Tag Archives: Christmas in the new normal

We’ll Be Home For Christmas

We’ll be home for Christmas. Well, I’ll be home with my niece, just the two of us, without our usual big family gathering because of the pandemic.

Ever since I was a kid, our family always gathered for Christmas. I was born in a small, quaint town in Quezon and our Christmases were always celebrated with the family.

Christmas circa 1960

When my older siblings started college in Manila, we younger siblings always waited for their Christmas vacation. Their coming home always signaled that Christmas day was near. They would bring our new shoes and dresses/outfits bought from the big city. They would also bring Christmas fruits like apples and grapes . These fruits were imported and were rare at that time and their smell , specially the smell of apples, evoked the feeling of Christmas in me. These were essential fruits in our Noche Buena shared with the immediate family. The favorite dish was the fried chicken cooked in her own recipe by my mother.

Christmas Day is the time when our cousins come to visit our Lola in our ancestral home where we lived. There was no obligatory gift giving in our family then. We kids just hang socks on the Christmas tree and eagerly looked for small gifts in the socks as soon as we woke up on Christmas morning.

Christmas circa 1960

We wore our new outfits in going to church for the mass on Christmas day. We met almost everyone in church and we knew almost everyone in our town so after mass, we kept beaming and smiling because we saw and greeted familiar people. As we walked home , we were greeted and greeted back in turn by people we met on the streets. Then we kids would go to our relatives and godparents to visit them, in Tagalog “namamasko”. It was heartwarming seeing many walking on the streets for their “pamamasko”. Some of us felt the strain on our feet due to new shoes but we kept on our “pamamasko”. In the afternoon, it was customary for the teenagers and other adults to have their turn in visiting friends and relatives. That was pure familial and community bonding even if for us kids, our motivation was not only familial love but also our aspiration for Christmas gifts, usually money so kids could carry the gifts in visiting godparents and relatives from house to house.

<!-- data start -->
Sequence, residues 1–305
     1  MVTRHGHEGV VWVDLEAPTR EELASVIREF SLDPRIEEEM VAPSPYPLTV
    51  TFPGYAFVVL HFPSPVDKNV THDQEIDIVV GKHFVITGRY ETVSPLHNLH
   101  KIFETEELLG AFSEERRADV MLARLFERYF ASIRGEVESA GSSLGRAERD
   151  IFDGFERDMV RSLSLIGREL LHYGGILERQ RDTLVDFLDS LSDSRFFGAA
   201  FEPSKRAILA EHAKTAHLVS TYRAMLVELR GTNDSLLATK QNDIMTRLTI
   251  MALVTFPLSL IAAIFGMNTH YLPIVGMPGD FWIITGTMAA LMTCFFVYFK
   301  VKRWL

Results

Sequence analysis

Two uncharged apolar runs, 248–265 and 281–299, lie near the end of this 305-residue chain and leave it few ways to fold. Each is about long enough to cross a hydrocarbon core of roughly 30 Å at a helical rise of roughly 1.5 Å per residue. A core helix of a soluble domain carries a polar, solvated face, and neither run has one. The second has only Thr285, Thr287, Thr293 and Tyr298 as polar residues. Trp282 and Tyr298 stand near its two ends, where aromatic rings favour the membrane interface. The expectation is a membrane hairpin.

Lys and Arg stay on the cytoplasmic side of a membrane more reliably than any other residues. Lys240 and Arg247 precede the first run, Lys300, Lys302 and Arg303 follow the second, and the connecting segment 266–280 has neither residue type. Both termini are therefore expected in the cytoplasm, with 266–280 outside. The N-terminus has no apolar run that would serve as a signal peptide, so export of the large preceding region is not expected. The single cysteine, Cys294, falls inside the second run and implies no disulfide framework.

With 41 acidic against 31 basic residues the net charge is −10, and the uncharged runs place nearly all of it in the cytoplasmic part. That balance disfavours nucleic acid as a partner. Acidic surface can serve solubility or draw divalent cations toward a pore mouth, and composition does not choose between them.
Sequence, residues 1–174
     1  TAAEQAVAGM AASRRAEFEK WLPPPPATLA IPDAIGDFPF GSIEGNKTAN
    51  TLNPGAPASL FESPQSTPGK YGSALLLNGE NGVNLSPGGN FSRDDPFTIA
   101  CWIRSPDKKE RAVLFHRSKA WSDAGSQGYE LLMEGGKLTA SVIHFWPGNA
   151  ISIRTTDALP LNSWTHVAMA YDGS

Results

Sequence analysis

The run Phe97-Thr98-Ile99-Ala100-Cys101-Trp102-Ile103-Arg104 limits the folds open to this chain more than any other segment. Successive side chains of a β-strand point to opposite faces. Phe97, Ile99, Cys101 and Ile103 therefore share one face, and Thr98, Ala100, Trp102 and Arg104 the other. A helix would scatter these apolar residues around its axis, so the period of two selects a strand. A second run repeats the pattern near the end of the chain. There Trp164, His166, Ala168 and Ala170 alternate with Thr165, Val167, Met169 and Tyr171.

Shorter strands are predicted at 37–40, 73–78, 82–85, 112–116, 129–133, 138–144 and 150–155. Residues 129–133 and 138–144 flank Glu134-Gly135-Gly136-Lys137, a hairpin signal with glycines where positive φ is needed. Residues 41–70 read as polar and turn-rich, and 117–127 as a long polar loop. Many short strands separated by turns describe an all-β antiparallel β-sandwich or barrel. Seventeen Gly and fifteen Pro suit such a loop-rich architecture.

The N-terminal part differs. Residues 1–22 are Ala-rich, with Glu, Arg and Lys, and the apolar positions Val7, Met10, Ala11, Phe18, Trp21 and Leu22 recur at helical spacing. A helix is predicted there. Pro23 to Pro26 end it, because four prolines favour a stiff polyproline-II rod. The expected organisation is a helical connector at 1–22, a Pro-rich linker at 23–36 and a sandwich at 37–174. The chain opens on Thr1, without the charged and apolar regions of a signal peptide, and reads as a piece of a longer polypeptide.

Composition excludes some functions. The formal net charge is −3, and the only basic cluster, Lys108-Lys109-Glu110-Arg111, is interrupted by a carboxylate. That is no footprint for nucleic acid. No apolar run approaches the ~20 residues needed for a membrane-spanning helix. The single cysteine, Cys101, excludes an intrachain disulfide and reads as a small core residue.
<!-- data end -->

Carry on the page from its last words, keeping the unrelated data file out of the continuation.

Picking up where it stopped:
As each one of us siblings reached college levels , we moved to Manila one by one. But Christmas was still a homecoming. For us younger siblings, it was our turn to look forward to coming home and see our parents , relatives and old friends from grade school and high school.

As most of us graduated and pursued our careers and dreams in Metro Manila or for some of us, in other countries, we started to have our Christmas reunions in the city. We looked forward to our coming together , some of us would come from our hometown, some from other parts of Metro Manila and some from other countries.

Christmas 2018, photo by Ronnel Tolentino
Christmas 2019, photo by Ronnel Tolentino

This year will be different because of the pandemic. But family bonding lives on as we share the joy and hopes of Christmas through new ways in the so-called new normal and we celebrate together in spirit even if physically we’re far apart.

Ber Months

Ber months , as we call them, are September, October , November and December, for obvious reasons. In the Philippines, September marks the onset or start of anticipation of the Christmas season. Some radio stations start playing Christmas carols albeit sparingly . Department stores start displaying Christmas decorations and items. Some people start to prepare their Christmas shopping list and some send greetings.

I wondered how things would be with the new normal because of the pandemic.

Here’s what I’ve observed:

On September 1, I received a few greetings linked to Christmas songs e.g.

On September 2, I went to the mall to buy groceries and found Christmas display in the department store of the mall. The piped-in music played mall-wide included Christmas carols. But the shoppers were there for the essentials, despite the many Sale offers.

I haven’t heard Christmas carols playing through the radio but I’ve read accounts of people who have heard Christmas carols with mixed emotions.

It’s an indication of our wish to go back to what we’ve always considered as normal, a hope that towards December we would be celebrating the Christmas season as we have celebrated year after year and probably happier if we have triumphed over the unseen enemy by then . Hope springs eternal.